The faster flow of information between your maintenance team, improved response times, eliminating overtime labor costs, an easier cooperation of multiple maintenance technicians on bigger maintenance tasks, are just some of the ways you indirectly reduce maintenance costs by employing a capable maintenance software.
A tried and tested way to improve your operations on all levels of your organization is by making adjustments based on accurate statistical data and performance reports.
When it comes to maintenance, CMMS will enable you to look at things such as:
Long things short, making data-driven decisions is a solution to most of your problems.
A modern production facility encompasses thousands of individual components. Which of them should be subject to preventive maintenance and where you should apply a predictive approach? Do you need to stop your entire production line for scheduled maintenance or you can reduce costs by replacing specific components on a run-to-failure basis without bothering to halt production?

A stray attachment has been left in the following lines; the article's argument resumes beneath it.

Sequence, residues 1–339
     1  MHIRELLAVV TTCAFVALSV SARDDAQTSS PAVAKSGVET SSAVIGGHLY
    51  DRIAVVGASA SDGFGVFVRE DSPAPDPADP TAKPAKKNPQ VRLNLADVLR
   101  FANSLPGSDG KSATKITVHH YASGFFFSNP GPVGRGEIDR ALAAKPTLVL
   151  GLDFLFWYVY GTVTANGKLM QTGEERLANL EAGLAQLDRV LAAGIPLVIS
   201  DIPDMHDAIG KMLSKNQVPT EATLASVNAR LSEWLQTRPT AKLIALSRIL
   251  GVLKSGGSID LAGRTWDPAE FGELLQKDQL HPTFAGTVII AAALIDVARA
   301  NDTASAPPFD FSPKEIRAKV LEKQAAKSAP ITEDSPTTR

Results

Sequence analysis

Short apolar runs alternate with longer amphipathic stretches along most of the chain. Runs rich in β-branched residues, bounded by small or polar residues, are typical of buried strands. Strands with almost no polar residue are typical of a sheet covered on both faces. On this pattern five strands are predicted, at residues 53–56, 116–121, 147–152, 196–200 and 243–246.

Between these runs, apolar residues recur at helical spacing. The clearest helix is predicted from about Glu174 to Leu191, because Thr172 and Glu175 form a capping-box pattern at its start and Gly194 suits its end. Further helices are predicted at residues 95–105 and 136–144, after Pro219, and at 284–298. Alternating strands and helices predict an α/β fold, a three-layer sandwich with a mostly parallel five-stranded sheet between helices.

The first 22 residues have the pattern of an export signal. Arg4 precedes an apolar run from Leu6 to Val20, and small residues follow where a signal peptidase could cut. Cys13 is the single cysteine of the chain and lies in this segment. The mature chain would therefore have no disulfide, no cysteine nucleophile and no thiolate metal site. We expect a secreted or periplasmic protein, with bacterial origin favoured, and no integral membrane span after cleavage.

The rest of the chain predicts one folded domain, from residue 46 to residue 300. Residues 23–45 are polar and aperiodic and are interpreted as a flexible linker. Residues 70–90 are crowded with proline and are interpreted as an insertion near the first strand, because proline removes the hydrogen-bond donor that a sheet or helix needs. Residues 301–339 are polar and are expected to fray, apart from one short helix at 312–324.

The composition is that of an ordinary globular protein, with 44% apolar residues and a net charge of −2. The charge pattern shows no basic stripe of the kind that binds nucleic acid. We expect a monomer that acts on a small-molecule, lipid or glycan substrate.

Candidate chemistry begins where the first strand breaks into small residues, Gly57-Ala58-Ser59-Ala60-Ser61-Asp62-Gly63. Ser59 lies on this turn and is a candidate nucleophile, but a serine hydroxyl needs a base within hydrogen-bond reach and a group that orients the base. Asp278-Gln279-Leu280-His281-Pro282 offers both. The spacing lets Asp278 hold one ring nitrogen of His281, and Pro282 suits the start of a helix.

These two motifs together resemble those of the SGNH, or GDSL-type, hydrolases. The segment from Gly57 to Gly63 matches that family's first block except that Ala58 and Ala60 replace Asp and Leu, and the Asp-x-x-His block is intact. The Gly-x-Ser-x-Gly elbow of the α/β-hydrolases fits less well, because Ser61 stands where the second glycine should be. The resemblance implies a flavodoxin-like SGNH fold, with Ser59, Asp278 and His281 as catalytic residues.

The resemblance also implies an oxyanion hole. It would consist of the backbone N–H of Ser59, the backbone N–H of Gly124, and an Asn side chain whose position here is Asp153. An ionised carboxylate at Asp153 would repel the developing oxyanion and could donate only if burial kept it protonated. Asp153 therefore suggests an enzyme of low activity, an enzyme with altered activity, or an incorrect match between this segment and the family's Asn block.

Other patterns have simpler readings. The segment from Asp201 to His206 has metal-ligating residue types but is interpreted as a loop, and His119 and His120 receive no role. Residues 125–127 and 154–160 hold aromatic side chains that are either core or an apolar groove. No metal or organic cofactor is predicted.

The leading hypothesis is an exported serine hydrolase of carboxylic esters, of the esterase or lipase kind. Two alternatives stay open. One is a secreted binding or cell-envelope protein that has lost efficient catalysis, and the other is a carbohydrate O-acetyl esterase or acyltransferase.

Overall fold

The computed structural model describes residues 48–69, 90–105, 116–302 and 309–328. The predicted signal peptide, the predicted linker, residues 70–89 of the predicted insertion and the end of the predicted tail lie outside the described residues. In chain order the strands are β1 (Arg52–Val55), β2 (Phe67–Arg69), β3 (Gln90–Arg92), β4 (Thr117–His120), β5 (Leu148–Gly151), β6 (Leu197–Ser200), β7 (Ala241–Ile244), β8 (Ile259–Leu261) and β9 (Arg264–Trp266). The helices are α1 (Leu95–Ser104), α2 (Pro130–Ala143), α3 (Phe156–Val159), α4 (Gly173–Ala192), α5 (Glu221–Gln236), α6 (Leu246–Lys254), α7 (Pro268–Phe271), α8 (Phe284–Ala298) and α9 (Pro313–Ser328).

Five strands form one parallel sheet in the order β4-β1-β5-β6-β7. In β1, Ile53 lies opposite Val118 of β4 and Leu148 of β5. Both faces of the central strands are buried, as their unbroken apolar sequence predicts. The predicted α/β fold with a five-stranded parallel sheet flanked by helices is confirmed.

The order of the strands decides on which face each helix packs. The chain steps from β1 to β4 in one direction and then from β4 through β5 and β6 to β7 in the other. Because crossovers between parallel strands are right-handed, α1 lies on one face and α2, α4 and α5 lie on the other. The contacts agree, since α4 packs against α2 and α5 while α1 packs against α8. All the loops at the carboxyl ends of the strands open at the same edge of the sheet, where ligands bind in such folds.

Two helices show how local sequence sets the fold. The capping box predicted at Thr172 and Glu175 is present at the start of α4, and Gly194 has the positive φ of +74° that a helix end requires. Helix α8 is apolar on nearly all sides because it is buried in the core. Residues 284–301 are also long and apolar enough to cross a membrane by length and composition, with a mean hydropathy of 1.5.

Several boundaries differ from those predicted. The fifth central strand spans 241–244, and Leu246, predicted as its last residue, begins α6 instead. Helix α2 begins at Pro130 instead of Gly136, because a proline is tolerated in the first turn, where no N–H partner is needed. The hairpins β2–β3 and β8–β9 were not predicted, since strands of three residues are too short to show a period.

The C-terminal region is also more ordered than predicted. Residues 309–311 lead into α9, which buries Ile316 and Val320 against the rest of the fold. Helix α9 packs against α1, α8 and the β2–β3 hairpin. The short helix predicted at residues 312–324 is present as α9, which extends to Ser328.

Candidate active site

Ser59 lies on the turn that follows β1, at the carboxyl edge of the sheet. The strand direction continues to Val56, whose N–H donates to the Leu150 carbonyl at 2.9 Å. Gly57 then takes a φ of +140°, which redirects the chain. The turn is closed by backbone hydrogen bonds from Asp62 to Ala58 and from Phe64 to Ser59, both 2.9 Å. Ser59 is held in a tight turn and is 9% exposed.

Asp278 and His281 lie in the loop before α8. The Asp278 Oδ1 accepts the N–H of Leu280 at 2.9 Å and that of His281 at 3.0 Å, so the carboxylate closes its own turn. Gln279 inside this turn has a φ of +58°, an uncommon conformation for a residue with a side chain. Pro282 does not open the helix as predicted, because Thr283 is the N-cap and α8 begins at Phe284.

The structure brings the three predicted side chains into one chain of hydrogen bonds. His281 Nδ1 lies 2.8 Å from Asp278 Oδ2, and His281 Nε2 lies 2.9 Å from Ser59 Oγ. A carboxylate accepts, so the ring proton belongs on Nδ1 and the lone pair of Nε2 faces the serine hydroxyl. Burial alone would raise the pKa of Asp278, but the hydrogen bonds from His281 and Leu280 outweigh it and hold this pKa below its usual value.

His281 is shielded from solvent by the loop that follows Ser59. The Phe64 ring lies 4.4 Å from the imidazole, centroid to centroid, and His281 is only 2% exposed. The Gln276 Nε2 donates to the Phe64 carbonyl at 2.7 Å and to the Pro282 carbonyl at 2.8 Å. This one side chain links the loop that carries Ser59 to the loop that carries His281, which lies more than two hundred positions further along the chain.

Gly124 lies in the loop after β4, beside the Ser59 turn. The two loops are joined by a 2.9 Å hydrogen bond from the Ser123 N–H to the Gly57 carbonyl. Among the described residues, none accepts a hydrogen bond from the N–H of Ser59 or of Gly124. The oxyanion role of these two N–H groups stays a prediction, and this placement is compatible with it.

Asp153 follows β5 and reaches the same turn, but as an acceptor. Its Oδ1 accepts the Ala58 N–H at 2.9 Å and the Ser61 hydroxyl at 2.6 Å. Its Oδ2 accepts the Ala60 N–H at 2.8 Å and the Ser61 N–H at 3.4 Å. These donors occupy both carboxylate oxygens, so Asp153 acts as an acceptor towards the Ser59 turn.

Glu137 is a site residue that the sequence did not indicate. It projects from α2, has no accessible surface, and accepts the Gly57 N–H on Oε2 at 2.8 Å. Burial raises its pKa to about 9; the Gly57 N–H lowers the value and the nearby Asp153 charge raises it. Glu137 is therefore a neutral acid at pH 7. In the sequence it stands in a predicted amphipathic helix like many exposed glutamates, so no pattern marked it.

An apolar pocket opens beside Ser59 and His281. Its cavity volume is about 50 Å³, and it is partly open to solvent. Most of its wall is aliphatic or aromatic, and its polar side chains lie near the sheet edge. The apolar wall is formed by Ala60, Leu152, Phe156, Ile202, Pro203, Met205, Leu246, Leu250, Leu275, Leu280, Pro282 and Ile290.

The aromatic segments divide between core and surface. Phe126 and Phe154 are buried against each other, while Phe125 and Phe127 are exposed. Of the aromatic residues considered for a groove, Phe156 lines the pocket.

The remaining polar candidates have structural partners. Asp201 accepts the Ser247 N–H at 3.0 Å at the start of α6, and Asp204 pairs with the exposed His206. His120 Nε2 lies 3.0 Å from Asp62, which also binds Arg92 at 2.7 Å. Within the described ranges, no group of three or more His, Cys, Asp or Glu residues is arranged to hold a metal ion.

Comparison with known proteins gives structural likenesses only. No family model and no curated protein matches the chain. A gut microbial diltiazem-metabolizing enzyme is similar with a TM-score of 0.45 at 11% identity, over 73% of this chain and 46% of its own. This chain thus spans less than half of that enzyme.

Applying the right maintenance strategy to decrease operating costs requires making informed decisions based on accurate information. This data should be processed to generate actionable insights that enable you to draft long-term strategies that will permanently reduce your operating costs.
A major tool in your maintenance strategy should be a software platform capable of producing insights that let you combine chosen maintenance strategies and deploy the best solution for every particular scenario.
Which maintenance strategy are you using at your facility? You think that one approach is vastly superior to others? Don’t hold it in, let us know in the comments below.
Source: ISA News